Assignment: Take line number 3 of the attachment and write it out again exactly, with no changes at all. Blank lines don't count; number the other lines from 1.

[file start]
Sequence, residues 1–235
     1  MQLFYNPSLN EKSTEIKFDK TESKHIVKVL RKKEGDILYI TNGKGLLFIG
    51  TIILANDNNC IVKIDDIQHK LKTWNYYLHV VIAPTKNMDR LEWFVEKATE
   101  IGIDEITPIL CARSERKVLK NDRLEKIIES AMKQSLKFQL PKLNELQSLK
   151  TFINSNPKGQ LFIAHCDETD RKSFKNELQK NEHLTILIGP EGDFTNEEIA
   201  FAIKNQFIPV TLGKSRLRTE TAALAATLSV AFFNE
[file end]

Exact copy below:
    51  TIILANDNNC IVKIDDIQHK LKTWNYYLHV VIAPTKNMDR LEWFVEKATE